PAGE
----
22. BuffUp

    BuffUp Go Buffs Club Member

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    Creatini - the point of the pro style is ball control. Defense needs to get the other team off the field 1st. then a nice slow grind down the field killing the clock. Then once again the defense has to stop those quick strike offenses?? I personally like the zone read, it is like the modern version of the option... + lots of high schools all over the country are running zone read = easier to recruit...Our coaches are going to say you can lure big time recruits with the pro style because of preperation for the nfl
     
  23. 77buff

    77buff Well-Known Member

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    It's all about recruiting, unless you have a Bill Snyder.
     
  24. Quattro

    Quattro Banned BANNED Club Member

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    1. I realize this 100%, I'm just not a big fan and so far, we haven't been able to control the clock at all. That and I find those types of offenses boring
    2. I'm curious as to how true this is (not saying you're wrong, just curious about the validity of it

    I just hope with our next coach, he and his OC run the air raid or spread
     
  25. BuffUp

    BuffUp Go Buffs Club Member

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    the argument over the spread or air raid here in Colorado has always been the weather... now that lots of games are in cali and az, not much argument there anymore. Like I was saying the simpler the better at the college level. Zone read with some play action pass.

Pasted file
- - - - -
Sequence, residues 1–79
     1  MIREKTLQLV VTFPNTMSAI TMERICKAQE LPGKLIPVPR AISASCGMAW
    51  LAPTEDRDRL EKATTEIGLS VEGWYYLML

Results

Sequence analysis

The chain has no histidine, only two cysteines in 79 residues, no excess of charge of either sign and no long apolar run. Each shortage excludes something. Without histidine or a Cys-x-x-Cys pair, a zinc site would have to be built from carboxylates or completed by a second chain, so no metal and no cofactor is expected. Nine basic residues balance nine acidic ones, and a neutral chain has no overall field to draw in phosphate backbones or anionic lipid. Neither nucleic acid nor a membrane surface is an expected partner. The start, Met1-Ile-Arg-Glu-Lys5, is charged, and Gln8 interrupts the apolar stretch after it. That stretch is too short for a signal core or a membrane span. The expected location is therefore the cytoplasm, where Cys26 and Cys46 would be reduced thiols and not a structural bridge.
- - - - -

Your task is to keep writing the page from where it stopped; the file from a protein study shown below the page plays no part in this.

26. leftybuff

    leftybuff Iconoclast Club Member

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    The difficulty with the WCO in college is, in addition to the complexity, and difficulty in instilling the O within 20 hour parctice weeks, is it allows for precious few mistakes. The grind it out, 14 play 66 yard drive 5:52 time of possession drive, while great if it works, is awfully hard to achieve given age, experience and practice limits present in CFB.
     
  27. BuffUp

    BuffUp Go Buffs Club Member

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    Oh and the weather does not seem to be as bad here in Boulder like it was back in the 70"s and 80's (during football season) especially if we are not playing in post season games:cry:
     
  28. sackman

    sackman Club Member Club Member

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    Who doesn't? Most of them are pretty grumpy, but the happy ones are fun.
     
  29. Burrito Palazzo

    Burrito Palazzo AnalExplosionDeathMatch Club Member

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    Why does this thread title sound familiar?
     
  30. Walter White

    Walter White Member

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    In my opinion, the best system in the college game is to have a system. You coach to it. You recruit to it. You ingrain it. You create a tangible culture around it.

    There are many ways to skin a cat. Teams win with pro style. Other teams win with the running spread, the passing spread, etc.

    I believe the key is to have an identity, to have a simple, clear and focused identity/plan--and then do it well, whatever it is. At practice it's over and over and over and over again. Mastery.

    Once you get the machine up and running it gets a whole lot easier to sustain. It’s plug and play because you recruit the same type of guys each year. Look at Oregon and Bama. Oregon loses a speedy RB or QB, and presto, they plug in another guy who looks just the same. Can’t tell the difference. They guys coming in already have a good understanding of what they need to do because there is consistency year to year to year. It’s a machine.

    Look at all of Bama’s quarterbacks over the past few years. They’re clones of each other.